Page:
Zaleznik (1977) points out that the differences between what managers and leaders do lies in the conceptions they have of order and chaos. Managers embrace process and want control and stability and try to solve problems immediately, even before they fully understand its implications. Leaders on the other hand, are able to work in chaos and a lack of structure and take their time in making decisions by understanding the aspects involved. Majority of organisations today are still dominated by conservatism, where they embrace 'tradition and inertia' or tried and tested ways rather than take the organisation into new paths and undertake the greater risk. Zaleznik & Abraham (2004) cited by Nohria and Khurana (2010) imply that due to this, the succession of power in organisations is done through managers rather than individual leaders. In other words, a bureaucratic structure suits managers rather than leaders.#p#分页标题#e#
 
In new forms of organisations such as Heckscher's (1994) post bureaucratic organisations, the organisation is fundamentally not bureaucratic. This is similar to the shared leadership framework discussed previously. This is an ideal type where there are no formal rules as decisions are based upon dialogue and consensus. This dialogue is based on the influence of an individual rather than his/her status. There is no hierarchy in place but an open network as shared values can be developed intra-organisationally. A leader is needed here rather than a manager since a leader is able to deal effectively with abstract ideas. A leader is not assigned but emerges from among the employees with the highest competence or skill level. He/she would have to gain trust of other employees based upon the shared values of the firm and through this can influence dialogue and consensus on decisions. Critics would argue that there shouldn't be leaders in this kind of organisation since everyone has shared responsibility and decisions are reached based upon consensus. However, an organisation still requires a leader to offer a clear direction and means through which to implement such features of such an organisation.
 
As employees increasingly work together in teams, this group dynamic reflects psychological needs and processes. Zaleznik & Abraham (2004) argue that business has established a new power ethic that ranks the 'cult' of the group over that of personality. Procter and Mueller (2000) state that individuals assume the role of a leader in a group due to their unconscious anxiety of losing control if they didn't do so. Such anxiety comes from two sources. One source is existential anxiety which comes from a realisation of the inevitability of death. Another source is social anxiety which is derived from a realisation that we are dependent upon the judgement of others to sustain our own identity. This is clearly different to the conscious desire to take on a leadership role as the article points out. There Bottger and Barsoux believe that an individual should want to become a leader in order to fulfil his/her 'potential'. This decision to become a leader is based on choice rather than on an unconscious anxiety or a need to take up the role.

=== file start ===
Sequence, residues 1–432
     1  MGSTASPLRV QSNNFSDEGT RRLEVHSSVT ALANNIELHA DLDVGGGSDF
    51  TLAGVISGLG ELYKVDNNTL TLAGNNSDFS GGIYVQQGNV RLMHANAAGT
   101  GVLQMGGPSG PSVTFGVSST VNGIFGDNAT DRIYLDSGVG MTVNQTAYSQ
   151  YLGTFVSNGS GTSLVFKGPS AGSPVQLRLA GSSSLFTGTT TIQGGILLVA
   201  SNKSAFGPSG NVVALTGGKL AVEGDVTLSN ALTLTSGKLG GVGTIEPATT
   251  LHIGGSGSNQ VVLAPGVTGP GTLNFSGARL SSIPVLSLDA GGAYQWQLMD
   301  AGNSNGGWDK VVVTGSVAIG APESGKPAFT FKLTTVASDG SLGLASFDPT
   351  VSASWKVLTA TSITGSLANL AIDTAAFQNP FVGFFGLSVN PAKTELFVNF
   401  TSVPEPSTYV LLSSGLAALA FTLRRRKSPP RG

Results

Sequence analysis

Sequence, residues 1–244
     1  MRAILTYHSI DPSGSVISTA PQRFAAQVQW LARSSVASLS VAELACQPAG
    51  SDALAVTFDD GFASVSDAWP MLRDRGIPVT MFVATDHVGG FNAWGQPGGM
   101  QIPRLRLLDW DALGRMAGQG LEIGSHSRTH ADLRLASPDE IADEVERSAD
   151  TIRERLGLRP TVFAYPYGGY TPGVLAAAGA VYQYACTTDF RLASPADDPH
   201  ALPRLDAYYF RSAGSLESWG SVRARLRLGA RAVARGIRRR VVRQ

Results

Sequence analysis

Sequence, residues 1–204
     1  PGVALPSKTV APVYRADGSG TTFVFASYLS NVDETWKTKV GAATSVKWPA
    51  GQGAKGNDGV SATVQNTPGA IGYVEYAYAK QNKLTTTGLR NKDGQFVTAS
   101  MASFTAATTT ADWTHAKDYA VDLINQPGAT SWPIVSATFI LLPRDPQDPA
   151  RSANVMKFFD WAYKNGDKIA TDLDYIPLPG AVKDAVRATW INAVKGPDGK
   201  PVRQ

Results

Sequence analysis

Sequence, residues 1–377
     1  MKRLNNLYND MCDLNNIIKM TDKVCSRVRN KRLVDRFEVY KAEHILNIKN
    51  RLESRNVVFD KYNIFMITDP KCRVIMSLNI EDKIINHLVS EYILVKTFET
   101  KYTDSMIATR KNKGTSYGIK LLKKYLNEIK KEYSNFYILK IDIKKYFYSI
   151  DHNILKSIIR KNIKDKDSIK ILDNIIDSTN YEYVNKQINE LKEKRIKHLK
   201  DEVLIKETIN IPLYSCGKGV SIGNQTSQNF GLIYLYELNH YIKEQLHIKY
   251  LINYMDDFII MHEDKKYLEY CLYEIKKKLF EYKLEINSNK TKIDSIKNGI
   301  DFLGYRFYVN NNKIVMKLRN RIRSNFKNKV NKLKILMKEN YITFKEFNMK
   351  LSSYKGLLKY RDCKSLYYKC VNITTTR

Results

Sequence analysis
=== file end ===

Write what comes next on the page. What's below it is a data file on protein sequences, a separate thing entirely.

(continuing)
Foucault says that power can not be used by individuals but it is infact found in discourses/systems which become power when others hold them to be true and unquestionable. Thus, a leader can not really exert his/her power but in fact it is something else that involves leaders which people believe to have power.
 
Conclusion——结论
 
Leaders need power to influence their followers in order to bring about change. However, this power should not just be derived from the position they are in. Leaders must also actively try to gain the voluntary support of their followers so they understand the reasons behind the difficult changes that leaders have to make. Also, power is not the most essential requirement for leadership. A number of different equally important qualities are need for leadership. Leaders must also have the guiding vision, a passion for their work together with an understanding of their followers. Thus, leadership is a relationship between leaders and followers rather than a contract where leaders at the top direct and control the process. This leads to a shared leadership concept which fits well in post-bureaucratic organisations. Here there is no rigid hierarchy where individuals have more power as you move towards the top, but rather a network where decisions are made on consensus.#p#分页标题#e#
 
However, research shows the difficultly in defining leadership. () suggest the interpretation depends upon one's perceptions etc. For example in Carroll & Levy (2008), the managers that were interviewed would state that they are leaders rather than managers but when asked to define leadership, they would become confused and resort to terming it as something unknown. Kodish (2006) cited by Carroll & Levy (2008) illustrates that ambiguity and paradox in leadership data and research does not necessarily mean a bad thing. Infact, it could be a sign that we are trying get to grips with a complex idea whereas before we used to understand it in a na?ˉve and simple way.